I am a Programmer with a BS in Computer Science and I have recently been considering taking the GMAT and applying for business school. I have been in the work force for nearly 6 years and am wondering if my career path is doomed to be a programmer with highest hopes of a lead programmer in years to come. For the managers out there will an MBA will greatly help advance my career path towards being a CIO or CTO type?

Also, what position would a person with an MBA and BS in computer science fill?

18 accepted

Even if you end up NOT wanting to do management, being conversant in management-speak, -thinking, and -mindset can help put you in a technical team lead slot.

If you're The Guy that everybody comes to when they need to talk to management, or that management comes to first about the other technical folks, you've made yourself, perhaps, more valuable than the managers.


A few things to consider about an MBA:

  • Most programs like you to have at least two years of work experience before you apply, the reason for this being that most of the education you get in an MBA program will not mean too much if you have not worked in the 'real world'
  • The degree will absolutely help you advance your career, and will make you more capable to handle management positions like CIO or CTO.
  • Also consider the cost of moving up to management. You will do a lot less programing and related activities, things that might have originally motivated you to become a computer science major. Teachers who become department chairs do a lot less teaching.
  • Another advantage of working first, a lot of times companies will pay for your degree, which can be a huge help.

If you are going to quit your job anyway to advance yourself, rather than do an MBA, why not join a small start-up, or start a start-up?

There you can be exposed to all the business issues that an MBA would only teach you the theory of, and you will gain some real hands on experience of what does and doesn't work in the business world.

That's what I did.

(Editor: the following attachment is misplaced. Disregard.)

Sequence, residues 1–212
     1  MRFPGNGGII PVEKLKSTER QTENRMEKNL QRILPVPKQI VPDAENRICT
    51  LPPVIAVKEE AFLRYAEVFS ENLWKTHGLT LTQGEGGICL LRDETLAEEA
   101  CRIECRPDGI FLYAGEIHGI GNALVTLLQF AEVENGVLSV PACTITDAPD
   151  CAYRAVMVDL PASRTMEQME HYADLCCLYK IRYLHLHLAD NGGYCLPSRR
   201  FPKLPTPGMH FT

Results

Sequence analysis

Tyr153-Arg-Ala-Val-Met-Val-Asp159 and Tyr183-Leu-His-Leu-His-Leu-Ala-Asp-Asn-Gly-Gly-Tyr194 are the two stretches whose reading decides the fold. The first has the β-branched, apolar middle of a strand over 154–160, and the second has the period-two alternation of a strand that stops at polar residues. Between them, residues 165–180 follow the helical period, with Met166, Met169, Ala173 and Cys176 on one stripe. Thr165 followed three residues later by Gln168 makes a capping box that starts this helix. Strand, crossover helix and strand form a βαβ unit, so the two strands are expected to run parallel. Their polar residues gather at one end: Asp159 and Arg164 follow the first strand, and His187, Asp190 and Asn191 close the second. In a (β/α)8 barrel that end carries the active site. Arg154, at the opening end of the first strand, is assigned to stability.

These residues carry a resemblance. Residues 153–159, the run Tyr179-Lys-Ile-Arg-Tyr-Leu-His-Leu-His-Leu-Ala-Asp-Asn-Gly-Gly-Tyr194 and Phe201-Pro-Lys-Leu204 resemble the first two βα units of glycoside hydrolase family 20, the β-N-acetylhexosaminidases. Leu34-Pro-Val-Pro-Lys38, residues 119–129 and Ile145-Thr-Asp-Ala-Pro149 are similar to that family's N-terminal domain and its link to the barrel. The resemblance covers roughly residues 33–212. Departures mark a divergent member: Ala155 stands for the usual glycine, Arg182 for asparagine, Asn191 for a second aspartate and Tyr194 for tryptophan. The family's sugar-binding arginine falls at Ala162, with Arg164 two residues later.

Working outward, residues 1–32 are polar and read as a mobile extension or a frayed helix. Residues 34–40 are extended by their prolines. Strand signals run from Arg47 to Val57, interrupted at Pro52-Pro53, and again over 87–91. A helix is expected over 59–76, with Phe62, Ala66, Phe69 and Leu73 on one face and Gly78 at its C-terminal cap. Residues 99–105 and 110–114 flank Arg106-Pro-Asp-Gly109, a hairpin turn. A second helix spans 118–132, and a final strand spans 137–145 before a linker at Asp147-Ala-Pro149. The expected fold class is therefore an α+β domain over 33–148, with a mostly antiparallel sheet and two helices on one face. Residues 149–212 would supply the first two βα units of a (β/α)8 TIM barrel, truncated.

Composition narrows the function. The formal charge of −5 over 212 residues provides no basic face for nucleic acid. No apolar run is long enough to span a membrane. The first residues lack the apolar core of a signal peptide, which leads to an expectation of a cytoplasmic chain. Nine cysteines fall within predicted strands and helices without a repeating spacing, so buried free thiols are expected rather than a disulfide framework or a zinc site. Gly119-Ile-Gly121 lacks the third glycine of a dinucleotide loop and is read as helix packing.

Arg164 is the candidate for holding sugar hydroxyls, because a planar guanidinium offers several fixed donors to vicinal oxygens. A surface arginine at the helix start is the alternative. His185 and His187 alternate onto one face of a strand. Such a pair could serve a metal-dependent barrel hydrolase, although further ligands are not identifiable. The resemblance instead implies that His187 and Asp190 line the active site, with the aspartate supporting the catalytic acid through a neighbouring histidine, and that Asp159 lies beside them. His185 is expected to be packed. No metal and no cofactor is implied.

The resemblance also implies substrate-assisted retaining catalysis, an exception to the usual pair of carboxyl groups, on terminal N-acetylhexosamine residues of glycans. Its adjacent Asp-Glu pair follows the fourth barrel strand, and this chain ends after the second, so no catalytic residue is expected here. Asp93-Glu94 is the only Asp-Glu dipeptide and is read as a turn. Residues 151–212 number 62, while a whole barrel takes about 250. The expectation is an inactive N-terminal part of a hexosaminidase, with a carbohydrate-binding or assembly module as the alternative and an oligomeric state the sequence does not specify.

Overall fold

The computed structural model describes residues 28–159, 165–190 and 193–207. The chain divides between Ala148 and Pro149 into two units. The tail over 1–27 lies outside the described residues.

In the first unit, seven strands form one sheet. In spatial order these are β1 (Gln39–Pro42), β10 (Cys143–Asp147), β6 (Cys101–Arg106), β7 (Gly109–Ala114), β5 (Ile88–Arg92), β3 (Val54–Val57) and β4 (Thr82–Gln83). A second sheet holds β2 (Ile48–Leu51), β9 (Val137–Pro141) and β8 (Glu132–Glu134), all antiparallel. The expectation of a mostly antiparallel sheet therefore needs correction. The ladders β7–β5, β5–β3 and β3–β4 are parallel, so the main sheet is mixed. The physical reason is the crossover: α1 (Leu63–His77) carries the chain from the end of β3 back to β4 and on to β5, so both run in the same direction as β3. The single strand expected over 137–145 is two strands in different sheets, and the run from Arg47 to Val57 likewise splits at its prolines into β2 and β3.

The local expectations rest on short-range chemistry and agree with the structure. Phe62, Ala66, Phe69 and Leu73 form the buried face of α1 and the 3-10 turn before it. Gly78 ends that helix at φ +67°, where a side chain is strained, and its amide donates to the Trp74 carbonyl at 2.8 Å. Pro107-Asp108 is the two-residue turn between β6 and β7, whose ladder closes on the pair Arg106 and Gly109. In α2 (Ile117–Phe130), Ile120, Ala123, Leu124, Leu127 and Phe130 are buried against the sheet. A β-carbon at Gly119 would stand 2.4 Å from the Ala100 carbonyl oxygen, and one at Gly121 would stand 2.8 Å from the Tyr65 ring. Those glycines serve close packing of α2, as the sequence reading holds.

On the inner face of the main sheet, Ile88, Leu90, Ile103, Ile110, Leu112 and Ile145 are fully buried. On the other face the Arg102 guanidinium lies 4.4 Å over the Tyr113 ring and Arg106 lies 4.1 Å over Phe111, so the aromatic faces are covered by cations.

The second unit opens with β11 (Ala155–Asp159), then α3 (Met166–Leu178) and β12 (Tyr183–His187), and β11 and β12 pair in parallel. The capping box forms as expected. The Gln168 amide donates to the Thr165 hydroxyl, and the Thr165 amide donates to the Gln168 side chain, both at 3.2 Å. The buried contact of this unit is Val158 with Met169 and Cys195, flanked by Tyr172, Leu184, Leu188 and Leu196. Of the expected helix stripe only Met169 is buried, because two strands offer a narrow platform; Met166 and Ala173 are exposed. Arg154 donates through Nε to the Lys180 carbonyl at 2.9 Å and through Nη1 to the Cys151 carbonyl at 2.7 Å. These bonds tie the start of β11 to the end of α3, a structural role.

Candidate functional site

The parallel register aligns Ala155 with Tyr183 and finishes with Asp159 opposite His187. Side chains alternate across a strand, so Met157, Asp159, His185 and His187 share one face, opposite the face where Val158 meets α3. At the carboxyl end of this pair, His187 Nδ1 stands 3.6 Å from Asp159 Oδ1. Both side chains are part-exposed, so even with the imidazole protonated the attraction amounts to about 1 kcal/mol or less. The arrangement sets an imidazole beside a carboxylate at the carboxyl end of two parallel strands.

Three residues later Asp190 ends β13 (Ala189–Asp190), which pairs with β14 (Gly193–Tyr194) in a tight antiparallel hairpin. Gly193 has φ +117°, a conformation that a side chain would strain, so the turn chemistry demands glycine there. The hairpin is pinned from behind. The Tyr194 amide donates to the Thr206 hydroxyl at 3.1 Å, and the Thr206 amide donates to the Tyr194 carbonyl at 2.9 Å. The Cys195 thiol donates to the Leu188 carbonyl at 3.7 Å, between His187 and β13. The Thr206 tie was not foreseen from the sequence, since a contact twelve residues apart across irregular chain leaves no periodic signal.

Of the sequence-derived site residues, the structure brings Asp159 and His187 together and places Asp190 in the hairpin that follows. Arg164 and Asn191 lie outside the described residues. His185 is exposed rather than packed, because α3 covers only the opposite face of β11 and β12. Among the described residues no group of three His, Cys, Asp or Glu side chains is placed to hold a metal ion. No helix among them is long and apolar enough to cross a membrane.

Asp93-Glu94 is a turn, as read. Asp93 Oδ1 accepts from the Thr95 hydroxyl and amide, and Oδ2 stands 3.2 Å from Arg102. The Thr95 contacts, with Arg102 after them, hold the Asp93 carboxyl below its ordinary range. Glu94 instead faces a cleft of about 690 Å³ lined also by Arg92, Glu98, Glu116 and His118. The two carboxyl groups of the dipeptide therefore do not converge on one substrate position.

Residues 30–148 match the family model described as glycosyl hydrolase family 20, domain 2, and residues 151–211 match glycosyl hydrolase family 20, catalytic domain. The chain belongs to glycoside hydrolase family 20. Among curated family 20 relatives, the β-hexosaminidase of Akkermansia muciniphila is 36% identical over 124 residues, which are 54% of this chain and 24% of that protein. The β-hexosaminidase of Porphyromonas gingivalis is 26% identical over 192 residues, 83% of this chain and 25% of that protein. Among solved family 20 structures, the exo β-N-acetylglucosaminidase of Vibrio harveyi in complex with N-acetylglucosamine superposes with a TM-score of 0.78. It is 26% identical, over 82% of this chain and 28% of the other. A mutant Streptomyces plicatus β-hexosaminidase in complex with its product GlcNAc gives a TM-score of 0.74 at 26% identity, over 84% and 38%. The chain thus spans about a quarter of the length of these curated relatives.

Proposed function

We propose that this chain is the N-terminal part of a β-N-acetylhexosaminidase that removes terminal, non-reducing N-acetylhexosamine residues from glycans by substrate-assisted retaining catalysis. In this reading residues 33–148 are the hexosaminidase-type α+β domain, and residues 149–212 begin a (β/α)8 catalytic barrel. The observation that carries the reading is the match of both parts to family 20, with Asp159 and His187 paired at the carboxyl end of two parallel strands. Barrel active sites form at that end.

Tim Sally's comments are right on. Honestly, I think waiting to get an MBA once you have work experience is a great idea. When we interview upcoming graduates and I hear they are thinking of getting a Masters, I get abit disappointed as it seems to indicate a lack of passion for the field of Computer Science. Its like when I hear new graduates say their goal in 5 years is to be in management and no longer developing - I always pass on those type of people. I want to hire people that want to develop.


Paul Graham, and many others, consider an MBA to be essentially worthless, as do I. I decided recently against bothering to get one; I also opted out of pursuing a PhD for the same reason--neither an MBA nor a PhD will make you better at any aspect of doing technical work or managing technical work.

People like Paul Graham who have actually started up several successful companies and hired lots of technical people in various roles from top to bottom seem to find MBAs to be overly academic and irrelevant--they got in the way rather than facilitated progress.

PhDs seem consistently to be reported as merely a (very painful) rite of initiation to pursue research work.

I have a BS in Computer Science from the United States Air Force Academy, but I have decided to review/solidify my EE training. My actual abilities already put me well beyond a MS or PhD in Computer Science, but I see no value in getting the piece of paper. An MBA does not provide value, according to those who would know (plus my own experience). Even a MS in EE seems relatively unappealing--I am set on getting a vocational "degree" instead because I want hands-on practical EE skill rather than merely academic knowledge. I grew up with EE, now I want to flesh it out to its fullest extent as a complement to my CS skills.

I suggest getting your MBA-related expertise by reading a handful of decent MBA textbooks--you can get the academics without all the hassle, at least enough to complement your CS degree and to serve your actual work-related needs.

Best wishes.